State senators approved a bill named in honor of slain Clark County Sheriff’s Deputy Suzanne Hopper that’s designed to keep law enforcement officers safe by giving them access to more information about potentially dangerous suspects with a history of mental illness.
Approved Wednesday, the Deputy Suzanne Hopper Act, Senate Bill 7, honors Hopper, who was shot and killed in the line of duty Jan. 1, 2011, by Michael Ferryman at the Enon Beach Campground.
Ferryman was barred from having weapons as part of his conditional release from a mental health facility in 2005, according to Springfield News-Sun reports. He was still reportedly under the supervision of mental-health case workers when Hopper was killed, but local law enforcement had no knowledge of that.
If enacted as approved by the senate, it would require a court to report to a local law enforcement agency that it approved “the conditional release of a person found incompetent to stand trial or not guilty by reason of insanity or orders a person convicted of an offense of violence to receive a mental health evaluation or treatment for a mental illness,” according the bill.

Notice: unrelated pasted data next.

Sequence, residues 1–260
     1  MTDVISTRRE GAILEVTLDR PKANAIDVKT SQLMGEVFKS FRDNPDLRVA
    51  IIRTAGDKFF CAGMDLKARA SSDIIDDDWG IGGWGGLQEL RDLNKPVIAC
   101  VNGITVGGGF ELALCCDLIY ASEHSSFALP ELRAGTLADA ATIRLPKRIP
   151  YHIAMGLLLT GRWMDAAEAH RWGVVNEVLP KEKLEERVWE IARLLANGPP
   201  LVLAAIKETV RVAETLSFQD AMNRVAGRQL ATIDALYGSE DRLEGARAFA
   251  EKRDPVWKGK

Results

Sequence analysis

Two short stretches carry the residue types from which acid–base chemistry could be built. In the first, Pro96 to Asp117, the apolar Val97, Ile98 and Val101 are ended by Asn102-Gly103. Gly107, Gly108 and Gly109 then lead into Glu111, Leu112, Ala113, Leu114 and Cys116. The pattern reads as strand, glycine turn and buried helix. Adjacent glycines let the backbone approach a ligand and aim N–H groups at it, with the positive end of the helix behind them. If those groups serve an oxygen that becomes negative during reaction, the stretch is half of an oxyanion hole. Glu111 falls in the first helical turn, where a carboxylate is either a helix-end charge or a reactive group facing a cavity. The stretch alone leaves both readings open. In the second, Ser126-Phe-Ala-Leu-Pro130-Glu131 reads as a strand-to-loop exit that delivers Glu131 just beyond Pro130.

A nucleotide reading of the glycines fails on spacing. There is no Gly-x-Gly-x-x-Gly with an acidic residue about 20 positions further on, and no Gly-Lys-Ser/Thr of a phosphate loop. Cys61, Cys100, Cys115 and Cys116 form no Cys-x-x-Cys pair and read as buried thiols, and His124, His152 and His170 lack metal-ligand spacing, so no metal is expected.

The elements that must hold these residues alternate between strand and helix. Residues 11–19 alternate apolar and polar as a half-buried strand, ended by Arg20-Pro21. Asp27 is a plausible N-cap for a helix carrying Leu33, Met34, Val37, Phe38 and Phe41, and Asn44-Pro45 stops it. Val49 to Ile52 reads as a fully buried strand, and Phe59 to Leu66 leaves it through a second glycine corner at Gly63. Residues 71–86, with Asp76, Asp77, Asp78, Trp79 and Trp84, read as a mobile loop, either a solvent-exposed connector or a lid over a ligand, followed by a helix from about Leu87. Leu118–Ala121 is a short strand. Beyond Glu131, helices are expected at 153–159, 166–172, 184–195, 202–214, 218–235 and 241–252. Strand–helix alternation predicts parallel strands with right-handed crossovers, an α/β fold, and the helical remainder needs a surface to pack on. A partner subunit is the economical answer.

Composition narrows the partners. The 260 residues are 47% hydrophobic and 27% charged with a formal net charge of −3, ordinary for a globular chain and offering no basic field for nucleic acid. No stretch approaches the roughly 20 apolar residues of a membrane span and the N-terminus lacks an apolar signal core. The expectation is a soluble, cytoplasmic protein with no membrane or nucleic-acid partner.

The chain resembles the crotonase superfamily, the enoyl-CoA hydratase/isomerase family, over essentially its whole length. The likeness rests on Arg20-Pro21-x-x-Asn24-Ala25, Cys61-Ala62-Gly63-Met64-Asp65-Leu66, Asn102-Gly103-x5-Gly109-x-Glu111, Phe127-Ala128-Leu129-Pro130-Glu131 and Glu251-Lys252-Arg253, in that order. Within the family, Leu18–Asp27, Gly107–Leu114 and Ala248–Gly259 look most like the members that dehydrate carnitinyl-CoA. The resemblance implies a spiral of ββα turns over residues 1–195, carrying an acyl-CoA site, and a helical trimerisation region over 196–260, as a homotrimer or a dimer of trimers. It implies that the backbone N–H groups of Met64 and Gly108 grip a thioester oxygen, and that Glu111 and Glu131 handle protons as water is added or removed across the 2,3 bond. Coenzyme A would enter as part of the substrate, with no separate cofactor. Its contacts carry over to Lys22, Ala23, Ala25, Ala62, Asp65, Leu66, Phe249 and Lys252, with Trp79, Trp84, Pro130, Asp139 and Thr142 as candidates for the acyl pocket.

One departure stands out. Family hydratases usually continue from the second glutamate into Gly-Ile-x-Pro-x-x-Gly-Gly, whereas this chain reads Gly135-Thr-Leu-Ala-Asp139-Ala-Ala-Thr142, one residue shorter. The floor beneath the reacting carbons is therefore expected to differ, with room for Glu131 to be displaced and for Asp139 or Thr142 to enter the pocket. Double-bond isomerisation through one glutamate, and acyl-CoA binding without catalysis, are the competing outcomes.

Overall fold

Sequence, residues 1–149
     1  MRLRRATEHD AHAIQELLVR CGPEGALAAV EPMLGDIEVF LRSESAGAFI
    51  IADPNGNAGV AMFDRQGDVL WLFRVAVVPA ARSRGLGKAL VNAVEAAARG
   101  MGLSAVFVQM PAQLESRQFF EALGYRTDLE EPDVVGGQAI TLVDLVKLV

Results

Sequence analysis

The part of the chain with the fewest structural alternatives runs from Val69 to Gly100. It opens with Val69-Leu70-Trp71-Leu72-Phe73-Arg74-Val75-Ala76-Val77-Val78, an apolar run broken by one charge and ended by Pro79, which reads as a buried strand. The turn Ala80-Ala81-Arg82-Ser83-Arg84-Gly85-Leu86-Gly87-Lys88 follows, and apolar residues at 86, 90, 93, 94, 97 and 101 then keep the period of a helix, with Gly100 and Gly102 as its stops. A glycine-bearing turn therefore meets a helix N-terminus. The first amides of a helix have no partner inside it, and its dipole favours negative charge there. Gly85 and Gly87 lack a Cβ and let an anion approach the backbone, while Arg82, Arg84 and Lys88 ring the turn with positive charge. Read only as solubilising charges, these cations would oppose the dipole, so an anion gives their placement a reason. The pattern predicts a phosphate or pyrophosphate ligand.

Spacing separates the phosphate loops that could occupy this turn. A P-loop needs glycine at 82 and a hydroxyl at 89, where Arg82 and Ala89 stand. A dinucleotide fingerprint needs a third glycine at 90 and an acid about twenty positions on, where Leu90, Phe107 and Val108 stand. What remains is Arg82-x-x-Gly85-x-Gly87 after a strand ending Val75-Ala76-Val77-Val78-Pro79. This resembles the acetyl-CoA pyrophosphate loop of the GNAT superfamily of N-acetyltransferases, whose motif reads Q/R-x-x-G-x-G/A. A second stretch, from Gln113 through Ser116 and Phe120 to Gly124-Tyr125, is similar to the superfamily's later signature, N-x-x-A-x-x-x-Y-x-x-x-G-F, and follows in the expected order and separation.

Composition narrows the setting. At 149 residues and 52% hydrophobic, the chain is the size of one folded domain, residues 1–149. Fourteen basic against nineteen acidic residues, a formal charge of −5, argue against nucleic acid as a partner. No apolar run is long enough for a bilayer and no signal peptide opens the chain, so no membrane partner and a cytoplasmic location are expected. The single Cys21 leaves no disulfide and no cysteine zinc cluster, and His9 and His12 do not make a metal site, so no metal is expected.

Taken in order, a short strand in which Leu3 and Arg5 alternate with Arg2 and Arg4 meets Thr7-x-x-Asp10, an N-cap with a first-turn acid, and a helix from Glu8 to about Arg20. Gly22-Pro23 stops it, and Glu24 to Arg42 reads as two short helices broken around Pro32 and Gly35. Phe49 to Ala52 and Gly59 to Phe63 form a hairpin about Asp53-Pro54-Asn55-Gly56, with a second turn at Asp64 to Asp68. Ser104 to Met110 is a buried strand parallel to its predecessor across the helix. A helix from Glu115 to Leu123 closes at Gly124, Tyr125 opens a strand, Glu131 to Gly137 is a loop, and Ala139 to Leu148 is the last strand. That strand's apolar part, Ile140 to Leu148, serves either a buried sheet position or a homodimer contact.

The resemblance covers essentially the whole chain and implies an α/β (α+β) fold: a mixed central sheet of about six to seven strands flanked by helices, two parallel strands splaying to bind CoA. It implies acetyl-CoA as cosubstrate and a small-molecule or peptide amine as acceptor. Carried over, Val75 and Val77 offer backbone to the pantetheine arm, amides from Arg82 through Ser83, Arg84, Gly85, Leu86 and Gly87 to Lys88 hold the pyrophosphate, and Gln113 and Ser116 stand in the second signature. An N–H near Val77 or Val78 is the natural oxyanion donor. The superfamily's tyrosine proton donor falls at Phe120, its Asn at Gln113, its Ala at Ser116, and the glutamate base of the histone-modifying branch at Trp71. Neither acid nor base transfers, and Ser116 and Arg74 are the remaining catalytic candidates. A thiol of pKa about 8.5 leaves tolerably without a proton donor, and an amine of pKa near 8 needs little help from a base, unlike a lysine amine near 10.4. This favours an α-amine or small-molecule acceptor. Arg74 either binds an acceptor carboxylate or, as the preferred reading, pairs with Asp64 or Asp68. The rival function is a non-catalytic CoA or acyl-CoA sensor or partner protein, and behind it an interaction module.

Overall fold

The policing agency would then enter the information into the National Crime Information Center file and law enforcement would be notified through the Law Enforcement Automated Data System of the person’s potentially violent status, according to a press release from Sen. Chris Widener, a sponsor of the bill.
Ferryman was involved in a similar incident in another Ohio county about a decade before he killed Hopper and wounded German Twp. Officer Jeremy Blum in a gun battle.
“Hopper’s killer had been convicted of a violent offense years before his encounter with her, yet this court public record was not noted on LEADS at the time and was not immediately available to Hopper’s dispatchers,” Widener’s release said.
Widener, R-Springfield, could not be reached for further comment.
“(Ferryman) was working with mental health, but we had no knowledge of that,” Clark County Sheriff Gene Kelly said Thursday. “If (dispatchers) had that info on that fatal day, they could have popped up that information and notified (Hopper). Things could have been very different today.”
Clark County has already flagged three or four residents who’ve been found not guilty by reason of insanity, Kelly said. That alerts officials to use extra caution when making contact with these individuals.
But that only covers county residents, and a statewide bill would have a broader impact on the safety of law enforcement officers and fire and EMS personnel who may have contact with potentially violent, mentally ill people statewide, Kelly said.
The only downside of the pending legislation, Kelly said, is that it’s only for one state.
“It should be across the board in all 50 states. Michael Ferryman was ready to go to Georgia, and law enforcement there would have had no information for him,” Kelly said.
The act passed 32-1 with Sen. Michael Skindell, D-Lakewood, voting no. The bill was jointly sponsored by Bill Beagle, R-Tipp City.
It will now move to the Ohio House of Representatives.
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